Biosynthesis of caffeic acid in Escherichia coli using its endogenous hydroxylase complex
© Lin and Yan; licensee BioMed Central Ltd. 2012
Received: 18 January 2012
Accepted: 4 April 2012
Published: 4 April 2012
The Erratum to this article has been published in Microbial Cell Factories 2015 14:110
Caffeic acid (3,4-dihydroxycinnamic acid) is a natural phenolic compound derived from the plant phenylpropanoid pathway. Caffeic acid and its phenethyl ester (CAPE) have attracted increasing attention for their various pharmaceutical properties and health-promoting effects. Nowadays, large-scale production of drugs or drug precursors via microbial approaches provides a promising alternative to chemical synthesis and extraction from plant sources.
We first identified that an Escherichia coli native hydroxylase complex previously characterized as the 4-hydroxyphenylacetate 3-hydroxylase (4HPA3H) was able to convert p-coumaric acid to caffeic acid efficiently. This critical enzymatic step catalyzed in plants by a membrane-associated cytochrome P450 enzyme, p-coumarate 3-hydroxylase (C3H), is difficult to be functionally expressed in prokaryotic systems. Moreover, the performances of two tyrosine ammonia lyases (TALs) from Rhodobacter species were compared after overexpression in E. coli. The results indicated that the TAL from R. capsulatus (Rc) possesses higher activity towards both tyrosine and L-dopa. Based on these findings, we further designed a dual pathway leading from tyrosine to caffeic acid consisting of the enzymes 4HPA3H and Rc TAL. This heterologous pathway extended E. coli native tyrosine biosynthesis machinery and was able to produce caffeic acid (12.1 mg/L) in minimal salt medium. Further improvement in production was accomplished by boosting tyrosine biosynthesis in E. coli, which involved the alleviation of tyrosine-induced feedback inhibition and carbon flux redirection. Finally, the titer of caffeic acid reached 50.2 mg/L in shake flasks after 48-hour cultivation.
We have successfully established a novel pathway and constructed an E. coli strain for the production of caffeic acid. This work forms a basis for further improvement in production, as well as opens the possibility of microbial synthesis of more complex plant secondary metabolites derived from caffeic acid. In addition, we have identified that TAL is the rate-limiting enzyme in this pathway. Thus, exploration for more active TALs via bio-prospecting and protein engineering approaches is necessary for further improvement of caffeic acid production.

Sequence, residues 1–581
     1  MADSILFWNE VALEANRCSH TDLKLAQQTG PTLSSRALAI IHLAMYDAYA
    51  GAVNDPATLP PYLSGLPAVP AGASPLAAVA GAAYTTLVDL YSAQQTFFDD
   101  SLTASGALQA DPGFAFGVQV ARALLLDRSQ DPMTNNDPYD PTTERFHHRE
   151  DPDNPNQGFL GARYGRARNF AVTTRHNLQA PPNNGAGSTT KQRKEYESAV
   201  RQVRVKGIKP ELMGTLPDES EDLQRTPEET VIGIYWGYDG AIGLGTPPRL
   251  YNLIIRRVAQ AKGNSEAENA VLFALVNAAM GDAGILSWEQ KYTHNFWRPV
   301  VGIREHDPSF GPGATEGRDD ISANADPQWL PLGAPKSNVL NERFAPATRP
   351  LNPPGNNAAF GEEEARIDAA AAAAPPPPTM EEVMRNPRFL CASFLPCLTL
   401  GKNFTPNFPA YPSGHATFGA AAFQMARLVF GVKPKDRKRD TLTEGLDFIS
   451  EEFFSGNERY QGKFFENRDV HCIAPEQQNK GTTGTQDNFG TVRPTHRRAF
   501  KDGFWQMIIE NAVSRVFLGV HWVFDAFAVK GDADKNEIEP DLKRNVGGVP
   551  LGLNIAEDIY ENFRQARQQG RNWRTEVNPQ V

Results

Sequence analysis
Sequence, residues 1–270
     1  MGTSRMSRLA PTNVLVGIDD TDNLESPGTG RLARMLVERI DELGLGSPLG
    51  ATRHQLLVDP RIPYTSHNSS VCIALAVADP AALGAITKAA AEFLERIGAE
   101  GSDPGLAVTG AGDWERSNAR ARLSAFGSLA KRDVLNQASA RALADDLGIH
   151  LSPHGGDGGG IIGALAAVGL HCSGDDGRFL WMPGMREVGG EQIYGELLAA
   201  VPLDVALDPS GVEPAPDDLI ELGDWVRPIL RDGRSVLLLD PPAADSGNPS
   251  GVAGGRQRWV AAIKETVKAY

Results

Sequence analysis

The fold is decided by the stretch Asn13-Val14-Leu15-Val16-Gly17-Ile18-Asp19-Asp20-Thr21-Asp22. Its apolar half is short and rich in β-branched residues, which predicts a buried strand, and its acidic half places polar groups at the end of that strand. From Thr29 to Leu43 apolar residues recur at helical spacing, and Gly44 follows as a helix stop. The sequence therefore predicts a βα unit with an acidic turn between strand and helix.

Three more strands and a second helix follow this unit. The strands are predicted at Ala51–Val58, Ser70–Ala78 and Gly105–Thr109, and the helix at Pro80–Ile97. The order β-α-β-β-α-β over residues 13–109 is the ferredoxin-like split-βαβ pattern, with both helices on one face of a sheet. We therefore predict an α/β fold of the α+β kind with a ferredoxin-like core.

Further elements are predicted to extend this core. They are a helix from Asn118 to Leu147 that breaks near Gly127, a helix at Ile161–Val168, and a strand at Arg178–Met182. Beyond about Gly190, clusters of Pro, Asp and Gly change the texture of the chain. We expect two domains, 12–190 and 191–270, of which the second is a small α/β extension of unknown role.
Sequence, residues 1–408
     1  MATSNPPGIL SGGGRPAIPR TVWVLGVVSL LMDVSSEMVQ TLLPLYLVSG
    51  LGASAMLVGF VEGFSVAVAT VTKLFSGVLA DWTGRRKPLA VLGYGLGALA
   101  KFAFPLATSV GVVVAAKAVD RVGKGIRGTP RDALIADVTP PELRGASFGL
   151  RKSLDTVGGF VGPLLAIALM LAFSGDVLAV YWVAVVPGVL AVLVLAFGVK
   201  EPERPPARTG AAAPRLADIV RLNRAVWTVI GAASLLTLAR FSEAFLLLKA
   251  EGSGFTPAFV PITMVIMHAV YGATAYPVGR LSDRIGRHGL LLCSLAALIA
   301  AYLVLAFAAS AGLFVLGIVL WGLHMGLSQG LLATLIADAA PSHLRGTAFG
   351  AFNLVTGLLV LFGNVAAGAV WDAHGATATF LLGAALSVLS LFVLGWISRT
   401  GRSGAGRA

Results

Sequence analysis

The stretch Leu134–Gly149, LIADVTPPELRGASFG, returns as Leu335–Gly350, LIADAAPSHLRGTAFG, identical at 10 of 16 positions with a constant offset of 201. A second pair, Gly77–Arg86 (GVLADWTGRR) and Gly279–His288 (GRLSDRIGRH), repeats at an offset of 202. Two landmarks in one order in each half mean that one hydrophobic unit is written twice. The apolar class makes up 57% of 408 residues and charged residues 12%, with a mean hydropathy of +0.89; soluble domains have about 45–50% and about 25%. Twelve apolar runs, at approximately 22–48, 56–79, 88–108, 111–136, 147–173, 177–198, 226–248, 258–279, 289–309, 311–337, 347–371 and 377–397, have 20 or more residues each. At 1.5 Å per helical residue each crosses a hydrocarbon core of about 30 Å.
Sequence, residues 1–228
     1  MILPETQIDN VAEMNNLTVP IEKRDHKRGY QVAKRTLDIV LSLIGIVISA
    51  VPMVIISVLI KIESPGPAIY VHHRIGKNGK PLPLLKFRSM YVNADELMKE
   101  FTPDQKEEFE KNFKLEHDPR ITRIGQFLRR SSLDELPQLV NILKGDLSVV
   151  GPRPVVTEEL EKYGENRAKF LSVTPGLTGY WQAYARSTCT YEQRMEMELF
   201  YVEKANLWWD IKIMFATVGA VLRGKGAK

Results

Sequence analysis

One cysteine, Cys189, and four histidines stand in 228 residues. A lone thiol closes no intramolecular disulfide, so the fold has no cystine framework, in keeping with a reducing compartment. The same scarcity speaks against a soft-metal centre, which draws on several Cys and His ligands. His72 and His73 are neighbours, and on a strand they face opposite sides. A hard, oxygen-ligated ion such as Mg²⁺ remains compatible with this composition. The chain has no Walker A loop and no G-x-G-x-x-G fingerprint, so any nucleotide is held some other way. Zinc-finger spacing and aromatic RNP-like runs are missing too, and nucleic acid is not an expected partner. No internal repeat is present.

Caffeic acid (3,4-dihydroxycinnamic acid) is a natural phenolic compound initially found in plants. Previous studies on its biological activities suggested that caffeic acid possesses anti-oxidant [1, 2], anti-virus , anti-cancer  and anti-inflammatory properties . Moreover, its derivative, caffeic acid phenethyl ester (CAPE), has drawn great attention because of its demonstrated therapeutic effects including its potential as an anti-diabetic and liver-protective agent as well as an anti-tumor drug for human breast cancer treatment [6, 7].
Caffeic acid is one of the pivotal intermediates of plant phenylpropanoid pathway starting from the deamination of phenylalanine which generates cinnamic acid. Followed by a two-step sequential hydroxylation at the 4- and 3- position of the benzyl ring, cinnamic acid is converted into caffeic acid via p-coumaric acid [8, 9]. The involved enzymes, cinnamate 4-hydroxylase (C4H) and p-coumarate 3-hydroxylase (C3H) are plant-specific cytochrome P450 dependent monooxygenases. Due to their instability and membrane-bound property, the purification and characterization of these enzymes are quite challenging, particularly for C3H . It was also suggested that the hydroxylation at the 3-position could also occur after p-coumaric acid is esterified, which does not generate caffeic acid as the intermediate [8, 11]. Recently, genes and enzymes involved in caffeic acid biosynthesis were also reported in the actinomycete Saccharothrix espanaensis. A tyrosine ammonia lyase (TAL) encoded by sam8 and a microbial C3H encoded by sam5 are responsible for the conversion of tyrosine to p-coumaric acid and then to caffeic acid, respectively .
Currently, caffeic acid is commonly produced by extraction from plant sources, such as coffee beans. Chemical or enzymatic hydrolysis of caffeoylquinic acid derivatives is also employed to produce caffeic acid [13, 14]. Like many other secondary metabolites, caffeic acid derivatives are usually accumulated at low levels in plants and hence the isolation of these compounds is to some extent difficult and expensive. Microbial conversion provides an alternative approach to caffeic acid production. Sachan et al. reported the co-production of caffeic acid and p-hydroxybenzoic acid in Streptomyces caeruleus by feeding p-coumaric acid . Over decades, advances in metabolic engineering and synthetic biology enable the production of various plant-specific secondary metabolites in recombinant microorganisms [16–19]. Most recently, the conversion of tyrosine to caffeic acid (the titer was not reported) and ferulic acid (7.1 mg/L) in E. coli was achieved by the co-expression of the enzymes encoded by the sam5 and sam8 from S. espanaensis and an O-methyltransferase from Arabidopsis thaliana. However, the above-mentioned studies relied on feeding the direct precursors such as tyrosine and p-coumaric acid, which would increase the production cost and can not be preferred for large-scale production. Alternatively, the development of processes that can enable the biosynthesis of these high-value metabolites from simple carbon sources is much more desirable. By utilizing tyrosine-overproducing strains as hosts, the production of several natural compounds such as L-dopa, flavonoids, and benzylisoquinoline alkaloids from simple carbon sources has already been achieved [21–23].